Dhanashree et al. (2003) studied the antibiotic susceptibility pattern of food isolates of L. monocytogenes from food and clinical samples. L. monocytogenes was sensitive to ampicillin, chloramphenicol, ciprofloxacin, cotrimoxazole, erythromycin, gentamycin and penicillin. Few of the L. innocua isolates were resistant to erythromycin and cotrimoxazole.
Stonsaovapak and Boonyaratanakornkit (2010) carried out the antibiotic sensitivity of 64 isolates of Listeria spp. Listeria spp. were resistant to penicillin (6.3 per cent) chloramphenicol (3.1 per cent) and tetracycline (1.6 per cent) but sensitive to amoxicillin, vancomycin, ampicillin, rifampicin and sulfamethoxazole. The level of resistence to L. monocytogenes was low (5.6 per cent) as compared with L. innocua (16 per cent), L. ivanovii (33.3 per cent) and L. seeligeri (50 per cent). None of antibiotics were resistant to L. grayi and L. welshimeri. However L. innocua showed multidrug resistance.
The antimicrobial assay of L. monocytogenes isolates from raw chicken and RTE chicken products was conducted by Osaili et al, (2010). The results revealed that 18.2 per cent of the samples were found positive for L. monocytogenes L. monocytogenes isolates were resistant to tilimicosin (17.6 per cent) and tetracycline (11.8 per cent). Only one isolate was resistant to both tilimicosin and tetracycline.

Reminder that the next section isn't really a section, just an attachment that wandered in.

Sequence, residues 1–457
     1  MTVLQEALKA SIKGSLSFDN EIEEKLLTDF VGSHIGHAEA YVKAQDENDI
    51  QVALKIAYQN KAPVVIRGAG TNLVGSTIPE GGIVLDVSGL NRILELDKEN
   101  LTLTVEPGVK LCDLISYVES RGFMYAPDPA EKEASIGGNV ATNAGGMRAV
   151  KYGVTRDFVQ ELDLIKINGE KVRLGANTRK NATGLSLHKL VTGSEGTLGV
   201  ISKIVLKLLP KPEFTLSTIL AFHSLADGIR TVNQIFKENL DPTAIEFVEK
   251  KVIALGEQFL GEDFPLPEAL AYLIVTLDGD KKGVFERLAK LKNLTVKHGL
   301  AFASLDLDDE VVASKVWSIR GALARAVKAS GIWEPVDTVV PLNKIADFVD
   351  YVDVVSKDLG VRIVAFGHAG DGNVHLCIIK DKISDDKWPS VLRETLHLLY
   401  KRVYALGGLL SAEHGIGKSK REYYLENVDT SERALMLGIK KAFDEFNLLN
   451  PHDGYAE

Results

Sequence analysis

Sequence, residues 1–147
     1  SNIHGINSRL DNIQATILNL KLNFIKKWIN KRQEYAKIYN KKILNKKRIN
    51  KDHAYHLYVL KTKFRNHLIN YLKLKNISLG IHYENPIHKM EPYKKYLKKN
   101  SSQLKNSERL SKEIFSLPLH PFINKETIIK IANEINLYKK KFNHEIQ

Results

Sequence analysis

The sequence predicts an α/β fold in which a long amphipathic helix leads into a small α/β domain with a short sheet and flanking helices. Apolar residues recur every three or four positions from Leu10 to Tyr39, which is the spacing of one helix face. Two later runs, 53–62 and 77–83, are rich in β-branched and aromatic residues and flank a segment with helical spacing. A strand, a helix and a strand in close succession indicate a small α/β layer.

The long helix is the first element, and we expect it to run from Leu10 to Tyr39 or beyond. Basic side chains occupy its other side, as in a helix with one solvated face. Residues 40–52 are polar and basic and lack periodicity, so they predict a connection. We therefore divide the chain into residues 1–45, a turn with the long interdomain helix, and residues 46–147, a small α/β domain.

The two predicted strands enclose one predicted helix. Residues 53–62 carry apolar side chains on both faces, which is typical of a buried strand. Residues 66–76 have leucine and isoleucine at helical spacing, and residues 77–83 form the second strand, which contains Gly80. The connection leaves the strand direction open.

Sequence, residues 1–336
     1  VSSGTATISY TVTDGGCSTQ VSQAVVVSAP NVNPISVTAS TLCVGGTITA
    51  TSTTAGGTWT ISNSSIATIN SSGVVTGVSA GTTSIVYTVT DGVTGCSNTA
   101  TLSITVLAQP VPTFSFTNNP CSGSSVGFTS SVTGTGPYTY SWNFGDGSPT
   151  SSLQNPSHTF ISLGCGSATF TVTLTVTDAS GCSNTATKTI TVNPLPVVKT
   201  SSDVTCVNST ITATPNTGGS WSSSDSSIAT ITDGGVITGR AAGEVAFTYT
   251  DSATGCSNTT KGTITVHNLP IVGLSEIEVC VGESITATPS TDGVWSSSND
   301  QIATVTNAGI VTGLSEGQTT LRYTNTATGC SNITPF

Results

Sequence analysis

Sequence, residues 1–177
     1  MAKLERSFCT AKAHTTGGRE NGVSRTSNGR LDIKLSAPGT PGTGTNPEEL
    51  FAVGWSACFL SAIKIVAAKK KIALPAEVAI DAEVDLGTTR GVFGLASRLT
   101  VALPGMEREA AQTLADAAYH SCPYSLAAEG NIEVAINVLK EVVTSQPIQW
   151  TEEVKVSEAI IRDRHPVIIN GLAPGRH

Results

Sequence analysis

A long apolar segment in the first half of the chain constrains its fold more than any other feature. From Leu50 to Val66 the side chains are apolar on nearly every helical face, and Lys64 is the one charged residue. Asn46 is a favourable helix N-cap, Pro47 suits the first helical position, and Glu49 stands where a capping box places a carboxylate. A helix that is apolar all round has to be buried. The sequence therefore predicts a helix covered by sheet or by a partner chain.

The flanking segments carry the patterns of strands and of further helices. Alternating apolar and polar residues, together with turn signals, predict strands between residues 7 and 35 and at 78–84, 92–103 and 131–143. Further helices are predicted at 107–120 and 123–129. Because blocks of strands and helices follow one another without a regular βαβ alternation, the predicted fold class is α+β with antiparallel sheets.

Bouayad and Hamdi, (2011) studied the antimicrobial sensitivity pattern of L. monocytogenes isolates obtained from food samples and reported that the isolates were sensitive gentamicin (10mg), piperacillin (30mg), tetracycline (30mg) trimethoprim/sulfamethoxazole (1.25/23.75 mg), amoxicilin/Clavulanic acid (20/10mg) and chloramphenicol (30mg).
Lotfollahi et al. (2011) found that out of the nine L. monocytogenes isolates obtained from the 100 human clinical samples, 77.77 per cent of the isolates were showed resistance to multiple antibiotics. The isolates showed resistance to penicillin G (77.77 per cent), cephotaxim (77.77 per cent), chloramphenicol (11.11 per cent) and streptomycin (11.11 per cent). L. monocytogenes was sensitive to tetracyclin, trimethoprim, ciprofloxacin, norfloxacin, ampicillin and erythromycin.